Again, compared to the Duo, the iPhone has a lot of great camera technology in it for the price. Thanks to the LIDAR sensor, the phone takes some amazing portrait shots. The wide-angle lens also lets you fit more into your shot, and the bigger sensor, combined with the LIDAR scanner helps the phone takes night-time shots with lots of detail. This was the biggest area where the Duo struggled in my time with the phone. Do note, too, though that the LIDAR scanner helps in creating 3D models as well, as my Tweet below will show. It's a new technology, but it's pretty cool, nonetheless.
Unfortunately, though, the iPhone 12 Pro Max doesn't improve the front-facing camera. It's still the same as all other iPhone models. No changes, no extra-wide lens as on the Pixel 3XL. Since the Duo's main 11-megapixel lens also serves as its front-facing camera, Microsoft wins on this front. Nothing is wrong with the iPhone's selfie lens, but the Duo is able to capture more detail than the selfie lens on the iPhone, for sure.
The apps, iOS 14, and the use with Windows 10
Now, for the good part. As I mentioned in my Duo review, Microsoft worked with Google to heavily optimize the Android phone for the dual-screen setup. You can read my review for more on why, but it comes down to productivity, multi-tasking, plugging in with Windows 10, and getting more done. That's what makes the Duo a great buy, especially if you're a Microsoft fan. But this is also where the iPhone 12 Pro Max falls just a tiny bit short if you're looking to buy the phone for use with Windows, or general day-to-day productivity, or office work like myself.
You see, Apple hasn't really optimized the iOS operating system to take advantage of the large-screen on the iPhone 12 Pro Max. Unlike what you see on the Duo, you can't split-screen apps or use two apps at the same time on this beautiful, big screen. I get that this isn't a dual-screen phone, but this split-screen is something that's common on most phablet Android devices, but not on the iPhone.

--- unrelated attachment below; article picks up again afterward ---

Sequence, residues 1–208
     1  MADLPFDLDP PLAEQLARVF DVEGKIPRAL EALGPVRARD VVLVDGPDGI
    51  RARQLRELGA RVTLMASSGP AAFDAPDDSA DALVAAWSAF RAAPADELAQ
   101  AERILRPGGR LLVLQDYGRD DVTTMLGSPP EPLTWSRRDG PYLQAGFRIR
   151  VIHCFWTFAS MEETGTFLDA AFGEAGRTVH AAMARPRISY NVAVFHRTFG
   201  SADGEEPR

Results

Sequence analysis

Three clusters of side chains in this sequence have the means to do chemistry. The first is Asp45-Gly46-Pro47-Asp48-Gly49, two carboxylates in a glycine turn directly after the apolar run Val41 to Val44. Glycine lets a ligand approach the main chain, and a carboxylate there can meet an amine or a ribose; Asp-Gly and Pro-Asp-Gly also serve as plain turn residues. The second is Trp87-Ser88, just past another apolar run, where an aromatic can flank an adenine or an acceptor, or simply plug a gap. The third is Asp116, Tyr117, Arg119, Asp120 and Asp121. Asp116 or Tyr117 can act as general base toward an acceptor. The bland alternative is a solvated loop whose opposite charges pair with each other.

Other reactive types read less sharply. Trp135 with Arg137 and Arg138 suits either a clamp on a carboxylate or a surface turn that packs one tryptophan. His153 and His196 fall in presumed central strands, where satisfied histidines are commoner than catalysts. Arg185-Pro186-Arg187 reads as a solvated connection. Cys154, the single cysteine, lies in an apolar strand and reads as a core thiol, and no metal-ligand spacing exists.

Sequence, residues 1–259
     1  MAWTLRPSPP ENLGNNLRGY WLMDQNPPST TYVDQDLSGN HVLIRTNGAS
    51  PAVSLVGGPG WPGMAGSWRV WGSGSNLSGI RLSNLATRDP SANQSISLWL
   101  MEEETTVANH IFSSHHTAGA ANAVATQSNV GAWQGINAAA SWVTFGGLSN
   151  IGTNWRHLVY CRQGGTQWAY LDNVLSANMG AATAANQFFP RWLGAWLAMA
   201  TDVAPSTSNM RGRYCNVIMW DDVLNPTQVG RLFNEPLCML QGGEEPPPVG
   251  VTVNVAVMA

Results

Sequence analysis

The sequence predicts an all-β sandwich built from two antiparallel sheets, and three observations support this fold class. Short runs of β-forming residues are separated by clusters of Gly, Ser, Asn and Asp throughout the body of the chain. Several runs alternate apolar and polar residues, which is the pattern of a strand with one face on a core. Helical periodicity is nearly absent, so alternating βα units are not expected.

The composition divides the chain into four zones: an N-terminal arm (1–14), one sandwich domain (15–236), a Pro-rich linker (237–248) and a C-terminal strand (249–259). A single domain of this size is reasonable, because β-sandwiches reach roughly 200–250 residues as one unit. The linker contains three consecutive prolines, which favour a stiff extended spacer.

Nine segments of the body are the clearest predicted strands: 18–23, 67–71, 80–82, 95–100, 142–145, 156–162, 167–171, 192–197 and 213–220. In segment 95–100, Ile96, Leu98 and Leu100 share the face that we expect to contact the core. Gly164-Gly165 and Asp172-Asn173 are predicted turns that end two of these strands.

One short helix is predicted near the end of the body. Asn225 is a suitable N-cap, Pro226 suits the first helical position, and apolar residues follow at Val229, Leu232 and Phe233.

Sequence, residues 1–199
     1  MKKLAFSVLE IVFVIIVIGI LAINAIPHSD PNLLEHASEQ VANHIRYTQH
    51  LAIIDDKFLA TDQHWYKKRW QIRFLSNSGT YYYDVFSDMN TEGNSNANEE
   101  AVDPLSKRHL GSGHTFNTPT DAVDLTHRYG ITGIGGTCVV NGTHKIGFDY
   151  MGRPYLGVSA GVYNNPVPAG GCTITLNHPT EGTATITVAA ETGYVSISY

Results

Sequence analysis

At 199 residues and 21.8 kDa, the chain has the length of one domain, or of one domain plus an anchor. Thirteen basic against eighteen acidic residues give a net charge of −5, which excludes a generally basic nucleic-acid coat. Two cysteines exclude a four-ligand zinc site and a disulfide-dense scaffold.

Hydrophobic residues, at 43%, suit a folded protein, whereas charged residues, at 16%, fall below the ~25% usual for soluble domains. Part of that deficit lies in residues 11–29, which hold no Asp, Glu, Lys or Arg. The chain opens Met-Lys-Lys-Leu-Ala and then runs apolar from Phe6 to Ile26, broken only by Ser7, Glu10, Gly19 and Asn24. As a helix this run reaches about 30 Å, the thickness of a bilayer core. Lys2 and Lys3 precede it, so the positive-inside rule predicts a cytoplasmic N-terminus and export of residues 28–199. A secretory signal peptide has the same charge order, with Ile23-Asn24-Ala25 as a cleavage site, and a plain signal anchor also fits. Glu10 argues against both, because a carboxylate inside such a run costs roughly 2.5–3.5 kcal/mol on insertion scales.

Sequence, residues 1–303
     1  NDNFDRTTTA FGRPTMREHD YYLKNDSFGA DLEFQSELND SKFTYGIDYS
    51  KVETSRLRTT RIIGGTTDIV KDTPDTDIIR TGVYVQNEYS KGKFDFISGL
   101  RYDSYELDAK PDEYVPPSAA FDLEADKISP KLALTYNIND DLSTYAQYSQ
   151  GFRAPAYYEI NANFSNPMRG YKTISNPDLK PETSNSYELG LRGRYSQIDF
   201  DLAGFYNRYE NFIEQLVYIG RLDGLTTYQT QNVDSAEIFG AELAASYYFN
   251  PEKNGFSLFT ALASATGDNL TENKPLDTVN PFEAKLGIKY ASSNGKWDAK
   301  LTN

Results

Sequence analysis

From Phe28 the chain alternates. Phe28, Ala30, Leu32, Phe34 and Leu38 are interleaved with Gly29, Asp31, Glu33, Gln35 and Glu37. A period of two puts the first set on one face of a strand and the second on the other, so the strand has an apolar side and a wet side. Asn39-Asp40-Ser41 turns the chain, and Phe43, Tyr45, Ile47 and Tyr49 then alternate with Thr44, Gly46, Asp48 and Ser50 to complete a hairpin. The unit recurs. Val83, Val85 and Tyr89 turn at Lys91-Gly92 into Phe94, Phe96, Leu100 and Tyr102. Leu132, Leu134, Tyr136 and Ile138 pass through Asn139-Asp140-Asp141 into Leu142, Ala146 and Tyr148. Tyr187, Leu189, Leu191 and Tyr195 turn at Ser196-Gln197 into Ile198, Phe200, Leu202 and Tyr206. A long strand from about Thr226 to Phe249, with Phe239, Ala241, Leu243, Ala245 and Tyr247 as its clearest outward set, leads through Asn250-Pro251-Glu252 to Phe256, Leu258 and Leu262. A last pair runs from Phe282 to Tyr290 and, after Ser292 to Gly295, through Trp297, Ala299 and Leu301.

It's the missing piece to the puzzle for this $1,400 price. I found myself just swiping up to switch between apps, instead of opening them up side by side, as I did on the Duo or even on my Pixel 3 XL. One day, maybe Apple will add this to iOS 15, perhaps. I really would love to see the split-screen multitasking from iPad OS on iOS, too.
Then, there's the other side of the story --- the apps. With the Duo, Microsoft bundles its own apps onboard the device, allowing you to get the best of Microsoft on Android. As the iPhone 12 Pro Max is an Apple phone, you won't get the same. You'll have to download Microsoft apps on the Apple App Store, instead.
Apple, though, did introduce the ability to set a default email app or browser on iOS 14, and this helps if you want to stay locked to Microsoft-only apps on an iPhone. You can set Edge as the browser, and Outlook as the mail app. OneDrive can also be used as a workaround to iCloud too, and you can sync your photos to OneDrive and your PC, instead. That's how I've been using my iPhone, and well, it just works!
The other thing here is the way the iPhone works with Windows 10. Your Phone isn't yet optimized for iPhones, and I'm not sure it ever will be. The Duo does great things with Link to Windows, as I explained before, but so can the iPhone. If used with Dell Mobile Connect, you can get texts, photos, and even mirror your phone to your PC, too. I've compared Your Phone to Dell Mobile Connect before, It's not as clean an experience as Your Phone because it requires Bluetooth, but it works well with iPhones and can bring iMessages to Windows, and that's what matters to me.
Speaking of Windows 10, I'll touch on connectivity and charging here, too. iPhone 12 Pro Max still sports Apple's proprietary Lightning Connector. Apple bundles a USB-C to Lightning connector in the box to connect with modern Windows PCs, but there's no charger included. Microsoft opts for USB-C and gives you a charger, however. The iPhone also sports support for QI charging or charging via Apple's own "MagSafe" magnetic attachments, too, which is new this year. This is something that the Duo lacked.